https://www.independent.ie/irish-news/c ... 61412.html
Quote:
DUBLIN City Council is paying €2,640 monthly for hotel accommodation three nights weekly for a separated homeless father and his three children rather than give him €1,500 housing assistance monthly to rent an apartment, the High Court has been told.
The man claims the Council is operating an unfair, irrational and discriminatory housing scheme in classifying separated fathers as “single” persons when allocating housing.
The scheme breaches his rights, including to equal treatment, under the Constitution and the European Convention on Human Rights Act, he claims.

Aged in his twenties, homeless and unemployed, the man has access to and custody of his three young children for three days and three nights weekly.
Because the Council classifies him as a “single” man for housing allocation, he can only get €990 monthly Housing Assistance Payment (HAP).

He says he has sourced an apartment for a monthly rent of €1,500 but, rather than recognising him as a separated father and increasing his HAP to meet that rent, the Council pays €660 weekly to fund hotel accommodation for himself and his children for three nights.
On the other four nights, he sources homeless accommodation for himself while the children stay with their mother, also homeless, in hotel accommodation also funded by the Council.

The Council has assessed his ex partner, based on her status as a separated mother, as entitled to up to €1,900 HAP, he says. This unfairly differentiated between him as the children's father and their mother as neither parent has the children on a full-time basis and instead share the custody and access, he alleges. ...
...In court documents, it was stated the man gets Jobseekers Allowance of €193 weekly, plus a €60 weekly access payment....
...he parents presented with their children to the Council’s homeless unit in early 2017 and were housed together in emergency hotel accommodation. The man and his partner separated in summer 2017 but remain on amicable terms and have agreed access arrangements between themselves, it was stated.

So a couple with 3 kids split up and decide to share custody. She gets up to 1,900 per month for accommodation. He's seeking 1,500 for his gaff whilst being unemployed in Dublin where there is practically full employment and is getting over 1,000 per month dole. And i'd be fairly sure she's on unemployment or single mothers payments etc.
This couple, if he wins his case (which I'm sure we're all paying for his legal team) could end up with accomm costs of 41k per year because they decided to go their sperate ways, lets say 25k or so in dole/single mothers allowance, childrens allowance of 5k and I'm sure there's more top-ups etc along the way. North of 70k per year.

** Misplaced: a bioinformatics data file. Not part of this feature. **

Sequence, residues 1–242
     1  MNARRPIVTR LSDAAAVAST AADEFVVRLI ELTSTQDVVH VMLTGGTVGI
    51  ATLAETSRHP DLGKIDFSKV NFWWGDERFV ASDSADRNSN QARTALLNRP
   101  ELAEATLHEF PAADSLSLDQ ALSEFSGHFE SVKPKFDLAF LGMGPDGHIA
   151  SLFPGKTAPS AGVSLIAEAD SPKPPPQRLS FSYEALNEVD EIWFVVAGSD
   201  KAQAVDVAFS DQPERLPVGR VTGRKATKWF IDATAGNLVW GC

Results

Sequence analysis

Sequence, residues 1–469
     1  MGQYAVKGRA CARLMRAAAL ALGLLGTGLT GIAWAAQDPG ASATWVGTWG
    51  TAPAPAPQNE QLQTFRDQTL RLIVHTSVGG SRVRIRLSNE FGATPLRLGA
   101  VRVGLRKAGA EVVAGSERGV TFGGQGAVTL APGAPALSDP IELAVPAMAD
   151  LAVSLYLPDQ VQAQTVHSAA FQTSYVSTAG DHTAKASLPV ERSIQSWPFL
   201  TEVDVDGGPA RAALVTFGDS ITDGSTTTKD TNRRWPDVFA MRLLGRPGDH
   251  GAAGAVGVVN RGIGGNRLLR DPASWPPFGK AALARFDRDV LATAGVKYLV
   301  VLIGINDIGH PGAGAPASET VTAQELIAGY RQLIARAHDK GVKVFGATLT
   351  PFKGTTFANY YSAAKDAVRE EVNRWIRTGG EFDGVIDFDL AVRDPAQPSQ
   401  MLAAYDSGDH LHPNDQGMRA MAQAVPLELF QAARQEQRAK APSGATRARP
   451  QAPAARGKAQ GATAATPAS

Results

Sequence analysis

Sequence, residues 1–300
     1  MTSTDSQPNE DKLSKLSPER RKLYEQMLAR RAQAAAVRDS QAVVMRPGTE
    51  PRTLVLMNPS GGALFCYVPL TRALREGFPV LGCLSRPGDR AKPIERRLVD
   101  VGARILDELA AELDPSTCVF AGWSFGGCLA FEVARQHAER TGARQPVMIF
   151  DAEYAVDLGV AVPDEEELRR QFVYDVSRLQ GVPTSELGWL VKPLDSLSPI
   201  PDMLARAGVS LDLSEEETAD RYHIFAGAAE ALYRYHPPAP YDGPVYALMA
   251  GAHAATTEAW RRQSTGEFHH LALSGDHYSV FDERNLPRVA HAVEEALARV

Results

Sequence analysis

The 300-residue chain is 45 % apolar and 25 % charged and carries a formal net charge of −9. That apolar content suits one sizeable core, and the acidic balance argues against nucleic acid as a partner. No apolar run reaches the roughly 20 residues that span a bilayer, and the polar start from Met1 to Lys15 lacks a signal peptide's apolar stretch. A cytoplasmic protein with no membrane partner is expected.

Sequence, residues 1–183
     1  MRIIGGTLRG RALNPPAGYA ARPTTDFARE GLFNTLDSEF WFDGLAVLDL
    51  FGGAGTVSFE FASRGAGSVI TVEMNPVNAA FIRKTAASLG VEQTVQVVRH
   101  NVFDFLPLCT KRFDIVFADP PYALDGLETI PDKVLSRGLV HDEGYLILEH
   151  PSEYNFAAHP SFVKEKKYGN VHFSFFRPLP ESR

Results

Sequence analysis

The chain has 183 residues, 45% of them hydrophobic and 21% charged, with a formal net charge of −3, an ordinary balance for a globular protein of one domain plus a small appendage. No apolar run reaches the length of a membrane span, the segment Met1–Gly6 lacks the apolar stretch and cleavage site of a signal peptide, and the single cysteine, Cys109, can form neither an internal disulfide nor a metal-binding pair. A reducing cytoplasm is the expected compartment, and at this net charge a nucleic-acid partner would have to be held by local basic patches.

This madness will eventually blow up...unless they do another pension raid on workers retirement funds to keep the charade afloat


This post sticks in my head.

For the last 10 years we've had people like Alan Kelly, Simon Coveney, Eoghan Murphy and almost all politicians grappling with the idea of social housing. But they all come, to a greater or even greater extent from a background of inherited wealth and expectation that they'll own their own home and their children will.

But there's a lot of people who ^ is not the background or the aspiration. They want a "forever home" but have no capacity to get it off their own or family's wealth and for many there are solid incentives to make their case as hopeless as they can put up with in the short term. More dependents = more need = higher ranking on the list. It's not a queue, it's a list. They don't want to live in a hotel for 20 years obviously. They also have no notion of emigrating. That traditional Irish solution to a lack of opportunity never ever comes up in the conversations that the needy have with the media. Or among themselves, presumably.

So you have this amazing situation of massive outlay for homeless and HAP. And the people tasked with solving it are on a different planet to those they're policy making for.


Top
 Profile  
 



Display posts from previous:  Sort by  
Post new topic Reply to topic  [ 938 posts ]  [Go to page]   Previous  1 ... 65, 66, 67, 68, 69, 70, 71 ... 94  Next

    Board index » The IRISH PROPERTY BUBBLE » The Republic of Property

Who is online

Users browsing this forum: No registered users and 6 guests


You cannot post new topics in this forum
You cannot reply to topics in this forum
You cannot edit your posts in this forum
You cannot delete your posts in this forum

Jump to:  

Follow, Retweet @dailypinster



Pyramid Built, Is Better Built! - Latest Property Discussions www.thepropertypin.com